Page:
3. Rakah’s situation is more complex. Regarding general political questions (resolution of the Israeli-Arab conflict and the Palestinian problem) Rakah mainly relies not on mass struggle but on the actions of a coalition of external forces, headed by the Soviet Union, that also includes what Rakah regards as the “progressive Arab regimes”.

As far as the daily problems of the Palestinian masses in Israel are concerned, Rakah does not have an “external” stance but is involved directly in the struggle and even leads it. It is not for nothing that Rakah has so far won a great deal of confidence on the part of the best among the Arab community in Israel. But growing parts of the politically conscious Palestinian community are gradually discovering (especially following Land Day [the bloody events of March 30, 1976]) the limitations of Rakah, which is fundamentally a reformist party. Rakah bases its program and activity on acceptance of the continued existence of the present regimes in the region — both the Arab regimes and the Zionist regime. Rakah therefore tries to restrain or prevent struggles and demands that may be seen as calling into question the continued existence of these regimes, including the Zionist regime.

4. Also, on general political questions as well, Rakah cannot arouse full confidence, because its supreme loyalty is given to the foreign policy of the Soviet Union. Past experience suggests that it is possible that the Soviet Union may change its policy line, due to internal reasons or its global interests — and Rakah’s leadership will then follow in its footsteps.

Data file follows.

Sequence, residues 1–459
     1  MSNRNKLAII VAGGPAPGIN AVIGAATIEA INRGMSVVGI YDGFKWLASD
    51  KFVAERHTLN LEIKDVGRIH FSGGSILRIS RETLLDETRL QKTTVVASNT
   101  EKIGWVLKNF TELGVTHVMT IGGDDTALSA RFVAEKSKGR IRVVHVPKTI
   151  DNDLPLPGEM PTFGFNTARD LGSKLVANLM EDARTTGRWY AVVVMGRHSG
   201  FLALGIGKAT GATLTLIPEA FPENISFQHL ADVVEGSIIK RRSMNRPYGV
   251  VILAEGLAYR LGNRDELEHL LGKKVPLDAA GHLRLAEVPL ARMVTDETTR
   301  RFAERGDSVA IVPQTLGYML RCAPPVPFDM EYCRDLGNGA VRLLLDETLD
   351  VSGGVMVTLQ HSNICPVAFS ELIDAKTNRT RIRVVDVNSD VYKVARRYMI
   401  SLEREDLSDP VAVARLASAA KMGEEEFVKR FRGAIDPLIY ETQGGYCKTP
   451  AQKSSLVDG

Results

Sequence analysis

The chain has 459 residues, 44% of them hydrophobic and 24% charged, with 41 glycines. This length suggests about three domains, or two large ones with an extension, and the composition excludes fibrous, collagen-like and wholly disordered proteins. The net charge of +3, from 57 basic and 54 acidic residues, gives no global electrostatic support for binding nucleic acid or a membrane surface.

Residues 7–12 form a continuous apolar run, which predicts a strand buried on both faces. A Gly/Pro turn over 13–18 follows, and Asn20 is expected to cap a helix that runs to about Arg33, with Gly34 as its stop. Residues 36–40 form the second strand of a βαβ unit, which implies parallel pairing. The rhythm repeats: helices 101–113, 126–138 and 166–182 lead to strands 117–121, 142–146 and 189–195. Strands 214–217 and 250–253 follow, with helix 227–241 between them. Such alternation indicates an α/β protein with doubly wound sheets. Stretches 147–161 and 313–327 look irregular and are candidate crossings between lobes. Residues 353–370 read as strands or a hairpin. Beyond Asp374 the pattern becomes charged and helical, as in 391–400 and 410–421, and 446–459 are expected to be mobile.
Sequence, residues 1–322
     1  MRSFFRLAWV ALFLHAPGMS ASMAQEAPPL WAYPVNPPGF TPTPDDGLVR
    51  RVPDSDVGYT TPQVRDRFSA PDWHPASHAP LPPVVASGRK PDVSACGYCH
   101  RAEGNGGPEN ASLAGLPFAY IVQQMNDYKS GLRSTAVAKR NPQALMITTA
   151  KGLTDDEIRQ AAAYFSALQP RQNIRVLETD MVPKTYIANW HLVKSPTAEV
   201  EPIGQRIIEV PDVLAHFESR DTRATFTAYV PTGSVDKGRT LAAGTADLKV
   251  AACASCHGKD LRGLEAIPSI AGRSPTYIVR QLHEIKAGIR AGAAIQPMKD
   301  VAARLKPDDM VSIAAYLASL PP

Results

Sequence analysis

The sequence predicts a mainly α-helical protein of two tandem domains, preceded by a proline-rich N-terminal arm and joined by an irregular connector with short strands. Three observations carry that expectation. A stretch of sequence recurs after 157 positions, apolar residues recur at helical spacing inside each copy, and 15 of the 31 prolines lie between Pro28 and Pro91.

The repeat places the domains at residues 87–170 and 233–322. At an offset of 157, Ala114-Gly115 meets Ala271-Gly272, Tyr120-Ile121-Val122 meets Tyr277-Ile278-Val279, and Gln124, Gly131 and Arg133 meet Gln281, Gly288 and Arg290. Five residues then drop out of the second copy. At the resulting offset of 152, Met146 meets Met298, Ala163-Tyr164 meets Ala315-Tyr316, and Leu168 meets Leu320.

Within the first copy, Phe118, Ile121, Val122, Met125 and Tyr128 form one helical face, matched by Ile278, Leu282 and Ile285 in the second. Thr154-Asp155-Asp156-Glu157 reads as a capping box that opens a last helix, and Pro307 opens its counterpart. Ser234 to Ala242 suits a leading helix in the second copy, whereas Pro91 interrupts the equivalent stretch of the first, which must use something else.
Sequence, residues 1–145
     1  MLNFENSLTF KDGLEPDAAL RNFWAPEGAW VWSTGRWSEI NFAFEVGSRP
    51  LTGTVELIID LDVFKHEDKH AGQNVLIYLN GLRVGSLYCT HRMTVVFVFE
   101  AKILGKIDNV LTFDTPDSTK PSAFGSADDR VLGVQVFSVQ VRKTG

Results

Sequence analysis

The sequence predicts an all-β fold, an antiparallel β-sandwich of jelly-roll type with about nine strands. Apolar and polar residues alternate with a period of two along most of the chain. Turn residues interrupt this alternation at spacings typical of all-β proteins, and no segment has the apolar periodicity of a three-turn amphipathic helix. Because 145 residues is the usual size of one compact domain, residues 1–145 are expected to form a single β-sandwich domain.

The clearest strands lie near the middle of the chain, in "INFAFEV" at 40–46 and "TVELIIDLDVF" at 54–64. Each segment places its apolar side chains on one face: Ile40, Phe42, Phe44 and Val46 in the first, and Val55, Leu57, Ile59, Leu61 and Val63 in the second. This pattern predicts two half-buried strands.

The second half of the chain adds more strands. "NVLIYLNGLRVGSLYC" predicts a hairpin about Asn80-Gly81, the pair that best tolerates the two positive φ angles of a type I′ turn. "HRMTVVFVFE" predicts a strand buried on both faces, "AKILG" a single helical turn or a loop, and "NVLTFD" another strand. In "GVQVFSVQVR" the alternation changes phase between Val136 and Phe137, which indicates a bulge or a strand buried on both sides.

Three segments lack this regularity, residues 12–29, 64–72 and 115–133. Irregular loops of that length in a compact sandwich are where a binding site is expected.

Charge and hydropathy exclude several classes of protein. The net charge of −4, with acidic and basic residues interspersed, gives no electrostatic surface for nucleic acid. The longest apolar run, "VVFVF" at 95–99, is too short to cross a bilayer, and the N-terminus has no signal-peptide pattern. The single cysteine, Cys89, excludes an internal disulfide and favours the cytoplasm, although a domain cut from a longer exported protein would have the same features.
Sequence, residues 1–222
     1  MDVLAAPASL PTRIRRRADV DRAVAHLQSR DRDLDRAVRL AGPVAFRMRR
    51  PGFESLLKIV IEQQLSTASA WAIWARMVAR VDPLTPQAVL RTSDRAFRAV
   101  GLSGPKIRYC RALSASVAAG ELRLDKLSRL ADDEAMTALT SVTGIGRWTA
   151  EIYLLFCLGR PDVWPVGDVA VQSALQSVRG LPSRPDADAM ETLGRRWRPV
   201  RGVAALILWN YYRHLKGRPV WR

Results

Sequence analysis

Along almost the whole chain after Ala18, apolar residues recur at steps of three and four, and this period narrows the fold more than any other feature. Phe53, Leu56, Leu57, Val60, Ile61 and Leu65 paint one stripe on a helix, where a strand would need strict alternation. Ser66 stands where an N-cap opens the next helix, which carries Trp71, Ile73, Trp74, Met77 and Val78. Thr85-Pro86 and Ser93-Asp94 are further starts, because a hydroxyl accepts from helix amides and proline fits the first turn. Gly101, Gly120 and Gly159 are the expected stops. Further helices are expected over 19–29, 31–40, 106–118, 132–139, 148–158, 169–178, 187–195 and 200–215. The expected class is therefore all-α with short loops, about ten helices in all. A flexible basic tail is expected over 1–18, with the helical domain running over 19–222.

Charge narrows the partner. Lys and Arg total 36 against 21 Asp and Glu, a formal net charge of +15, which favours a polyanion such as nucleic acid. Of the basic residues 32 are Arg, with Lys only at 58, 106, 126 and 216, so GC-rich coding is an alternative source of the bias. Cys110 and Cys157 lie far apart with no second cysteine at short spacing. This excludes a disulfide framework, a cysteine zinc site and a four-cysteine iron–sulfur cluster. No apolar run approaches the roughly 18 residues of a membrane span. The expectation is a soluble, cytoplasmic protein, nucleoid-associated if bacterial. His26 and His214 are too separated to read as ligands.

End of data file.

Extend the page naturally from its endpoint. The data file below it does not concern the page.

Rakah’s loyalty to the Soviet Union also explains the confusion in the position of this party regarding the Syrian invasion of Lebanon, for the Soviet Union regards itself as a friend both of the Syrian regime and of the PLO.

5. We, members of Matzpen, regard the daily struggle of the workers in Israel — as well as in the surrounding countries — as actively and necessarily connected to the general political problems. We envisage the resolution of the region’s general problems as resulting not from the action of a coalition of global diplomatic forces but from the struggle of the masses in the region. We stress the continuity between the daily struggle and revolutionary struggle. It is not accidental that a strike [on Land Day] against the expropriation of some thousands of dunams of land boiled over immediately into a confrontation that challenged the entire Zionist regime.

6. Although under present conditions the Palestinian masses struggling against their national oppression in Israel constitute the most active protagonist in the struggle for the overthrow of the Zionist regime, in its profound essence it is not a supra-class national struggle but a supranational class struggle.

7. We regard the struggle for democratic rights for all the citizens of Israel as an aspect of the general struggle for social liberation; and in the colonial reality of Israel it is necessarily connected with the struggle against Zionism.

8. A necessary condition for the success of any struggle against Israel’s regime — including the struggle for democratic rights — is that it is a joint Jewish-Arab struggle. It is therefore the duty of the Israeli Socialist Organization (Matzpen) to create frameworks in which this joint struggle can develop, on the basis of the joint historical interest of the workers of both peoples.